John Bassett pleaded that their was noe such covenant. Mr. Evance produced a noat under his owne hand wch implyed such a covenant, Basset acknowledged his marke but said he never heard the note read though he set his hand to it, yet he said if Mr. Evance would take his oath of it he would submit. Mr. Evance answered he made sufficient proofe of it by 2 witnesses, and one of them vppon oath, (& delivered an affedavit into the court,) of John Ogden, taken before Mr. Eaton Governor, in which John Ogden relateing the aggreement betwixt Mr. Evance & the said Basset sweres expresly, that if Mr. Goodyeare doth not accept of him and his wife they were to pay Mr. Evance what he had layd out for them, & so be free to dispose of themselves, yet was willing if the court pleased, to make oath of it, but the court tould John Basset that Mr Evance needed not to doe it haveing proved by 2 witnesses, and one of them vppon oath ; at last the said Basset said he would reffer it to the Court, let them doe as they pleased.
      [110] Itt was aggreed but vppon further discourse betweene the parties themselves that John Bassett should pay unto Mr. Evance 11 1b 7s wch is the debt demanded & sume disbursed, (Mr. Evance being willing to take notheing for consideration,) wch same the said Basset promised to pay at 2 certayne dayes vizt, the one halfe at midsommer next ensewing, and the other halfe wthin 6 monthes after that.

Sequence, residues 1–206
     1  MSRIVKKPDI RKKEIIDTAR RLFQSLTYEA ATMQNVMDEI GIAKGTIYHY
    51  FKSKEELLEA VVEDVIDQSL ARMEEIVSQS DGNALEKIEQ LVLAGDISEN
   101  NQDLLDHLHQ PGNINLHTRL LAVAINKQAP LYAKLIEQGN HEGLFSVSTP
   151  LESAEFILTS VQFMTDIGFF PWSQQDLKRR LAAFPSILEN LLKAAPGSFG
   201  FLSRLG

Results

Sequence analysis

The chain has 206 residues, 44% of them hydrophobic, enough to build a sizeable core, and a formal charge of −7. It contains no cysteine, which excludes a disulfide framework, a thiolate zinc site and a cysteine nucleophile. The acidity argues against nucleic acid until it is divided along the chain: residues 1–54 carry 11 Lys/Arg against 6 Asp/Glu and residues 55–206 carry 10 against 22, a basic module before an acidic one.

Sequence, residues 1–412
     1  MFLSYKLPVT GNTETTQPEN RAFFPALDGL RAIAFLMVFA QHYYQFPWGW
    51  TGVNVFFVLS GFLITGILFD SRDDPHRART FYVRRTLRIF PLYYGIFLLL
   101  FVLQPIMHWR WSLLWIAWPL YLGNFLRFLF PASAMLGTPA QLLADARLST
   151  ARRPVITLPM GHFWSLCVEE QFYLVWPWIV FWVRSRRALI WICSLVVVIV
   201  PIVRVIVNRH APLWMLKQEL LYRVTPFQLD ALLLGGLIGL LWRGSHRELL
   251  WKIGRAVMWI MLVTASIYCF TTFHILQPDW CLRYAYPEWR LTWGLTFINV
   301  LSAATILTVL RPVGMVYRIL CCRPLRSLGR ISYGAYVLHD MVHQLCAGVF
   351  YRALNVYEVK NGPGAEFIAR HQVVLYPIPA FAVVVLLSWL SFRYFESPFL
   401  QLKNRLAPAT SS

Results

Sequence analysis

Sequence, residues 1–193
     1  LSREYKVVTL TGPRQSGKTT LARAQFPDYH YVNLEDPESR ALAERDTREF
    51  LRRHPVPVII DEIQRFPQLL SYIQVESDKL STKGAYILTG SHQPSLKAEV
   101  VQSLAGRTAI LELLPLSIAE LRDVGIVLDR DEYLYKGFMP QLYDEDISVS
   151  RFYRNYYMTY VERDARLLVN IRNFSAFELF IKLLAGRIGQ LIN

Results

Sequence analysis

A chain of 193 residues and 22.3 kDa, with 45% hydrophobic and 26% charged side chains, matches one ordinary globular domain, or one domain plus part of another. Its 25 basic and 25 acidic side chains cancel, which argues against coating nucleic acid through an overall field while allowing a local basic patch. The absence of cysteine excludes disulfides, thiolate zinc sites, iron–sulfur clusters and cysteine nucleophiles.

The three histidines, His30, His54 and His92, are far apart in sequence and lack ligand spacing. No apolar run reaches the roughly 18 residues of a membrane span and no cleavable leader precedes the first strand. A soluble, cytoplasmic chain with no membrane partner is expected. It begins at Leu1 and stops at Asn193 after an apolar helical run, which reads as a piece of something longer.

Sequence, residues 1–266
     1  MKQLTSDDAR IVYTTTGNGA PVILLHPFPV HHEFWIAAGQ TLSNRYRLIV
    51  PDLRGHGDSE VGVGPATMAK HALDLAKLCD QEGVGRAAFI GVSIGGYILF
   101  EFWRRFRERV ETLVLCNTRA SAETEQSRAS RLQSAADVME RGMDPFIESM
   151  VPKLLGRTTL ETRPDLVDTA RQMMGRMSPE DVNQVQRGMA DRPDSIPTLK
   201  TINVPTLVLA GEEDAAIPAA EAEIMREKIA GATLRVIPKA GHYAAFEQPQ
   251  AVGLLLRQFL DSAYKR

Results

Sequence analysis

Brother Wackman & bro : Miles reported to the court that they had (as the court desired them) viewed the clay pits way and the fences adjoyninge, in reference to the difference betwixt Mr. Malbon & Mr. Caffinch, and fownd that the way to the clay mitts was to lye open, but the quarter that lay on the one side could not accomplish their part of the fence, and therfore haveing planted, were forced for safeguard of their corne to make a fence crosse the said way wth rayles, wch way the other quarter driveing their cattle, & somtimes leaveinge oppen the rayles & somtime breakeing them, much damadge hath bin done by cattle and hoggs, whereuppon the court determined that the quarter that should have fenced & did not, must beare the damadge, and those that have trespassed in breakeing & leaveing open gates or rayles shall contribute, and desired the afforesaid committee to take some more paynes for the setling of it.

Brother Crayne desired the judgment of the court concerning damadge done in his corne by Mr. Caffinch's hogs well he fownd in the corne and brought home to his howse requiring satisfaction of him & he refussed to give him any. The court ordered that Mr. Caffinch pay the damadge till he pay the defective fences.
      Jarvis Boykin complayned that sundry fences about their quarter are defective, and he hath told the owners of some of them, & some they know not to whome they doe beloge.